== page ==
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Re: Regex fun

by JadeNB (Chaplain)
on Dec 15, 2009 at 19:01 UTC ( #812918=note: print w/replies, xml ) Need Help??


in reply to Regex fun

I would assume that quantifier cannot be a '\x' variable, but don't really know.

I think it's important to note that \1 is not a variable * (which is why you can't use it outside of a regex); the variable that contains the contents of the first capture group is $1, but that 's empty doesn't take on its new value *** until the capture has completed **.

I think that the reason that ($rx){\1} isn't allowed is that the regex engine wants to compile the regex before running it. Since the contents of \1, hence the number of times that $rx is supposed to be captured, aren't known until run-time, this interferes with the compilation. For example, /\+32767.{32767}/ is rejected at compile time, but a '+32767' =~ /\+([0-9]*).{\1}/ construct would circumvent this restriction. (“Why, then,” you ask, “is something like /(.)\1/, which suffers from the same compilation problem, OK?” I dunno. :-) )

* Not a Perl variable, anyway. See Re^3: Regex fun, and probably Re^2: Regex fun as well.
** Except that (?{ print $1 }) works correctly, which is somewhat miraculous to me and very very helpful for debugging regexes.
UPDATE: *** Still false (see Re^6: Regex fun for where realisation finally dawns). It takes on its new value as soon as the capture completes (which explains the miracle referenced above); it's just that the interpolation in the text of the regex has already happened, so that the quantifier doesn't ‘see’ the new value.

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Re^2: Regex fun
by JavaFan (Canon) on Dec 15, 2009 at 19:40 UTC
    I think it's important to note that \1 is not a variable (which is why you can't use it outside of a regex);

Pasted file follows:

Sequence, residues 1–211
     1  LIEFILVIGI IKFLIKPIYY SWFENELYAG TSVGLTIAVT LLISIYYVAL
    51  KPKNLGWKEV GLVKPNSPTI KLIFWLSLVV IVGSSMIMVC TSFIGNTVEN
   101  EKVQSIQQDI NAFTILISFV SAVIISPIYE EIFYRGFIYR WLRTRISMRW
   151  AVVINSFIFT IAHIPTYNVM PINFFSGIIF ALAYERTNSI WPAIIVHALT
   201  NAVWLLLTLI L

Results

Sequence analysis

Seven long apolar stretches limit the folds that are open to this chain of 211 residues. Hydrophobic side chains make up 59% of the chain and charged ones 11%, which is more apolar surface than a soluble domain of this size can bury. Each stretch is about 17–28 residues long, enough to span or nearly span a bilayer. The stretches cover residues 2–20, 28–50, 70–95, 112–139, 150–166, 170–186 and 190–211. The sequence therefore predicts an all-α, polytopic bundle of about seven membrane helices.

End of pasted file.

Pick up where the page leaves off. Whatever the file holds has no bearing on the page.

But you can, sometimes, use it in the replacement part.
    think it's important to note that \1 is not a variable (which is why you can't use it outside of a regex); the variable that contains the contents of the first capture group is $1, but that's empty until the capture has completed.
    But in /([0-9]+){$1}/, the first capture is completed before the quantifier. So, that's not the reason.
    For example, /\+32767.{32767}/ is rejected at compile time
    Yes, but that's considered a bug. It's a restriction that should have been removed after the regexp engine was no longer recursive.
    “Why, then,” you ask, “is something like /(.)\1/, which suffers from the same compilation problem, OK?”
    That's not the same problem. {...} is one of the mini-languages inside regular expressions. Compare it with [...]. [\1] doesn't refer back to something else either.

    But one can defer a subpattern. The syntax is (??{ }). This is what the OP wants, and this is what the OP ought to use.

      But you can, sometimes, use it in the replacement part.
      Sure, but you're not supposed to: Warning on \1 Instead of $1.
      But in /([0-9]+){$1}/, the first capture is completed before the quantifier. So, that's not the reason.
      Sorry, I don't understand—not the reason for what?
      It's a restriction that should have been removed after the regexp engine was no longer recursive.
      Sorry, I don't understand this, either. Do you mean ‘re-entrant’? (UPDATE: Nope, just my internals-ignorance revealed. Thanks, ikegami!)
        Regarding the last point, the engine was re-engineered for 5.10. It used to use the C stack, so limits were imposed to prevent stack overflows. Now, the stack it uses is on the heap. The implementation moved away from a recursive model as part of the change.
        Sorry, I don't understand—not the reason for what?
        Quoting myself where I am quoting you:
        the variable that contains the contents of the first capture group is $1, but that's empty until the capture has completed.
        You're claiming $1 is "empty" until the the capture has completed. I'm pointing that the in the case of the OP, said first capture has completed.
        Do you mean ‘re-entrant’?
        No, I don't. The current regexp-engine isn't re-entrant.

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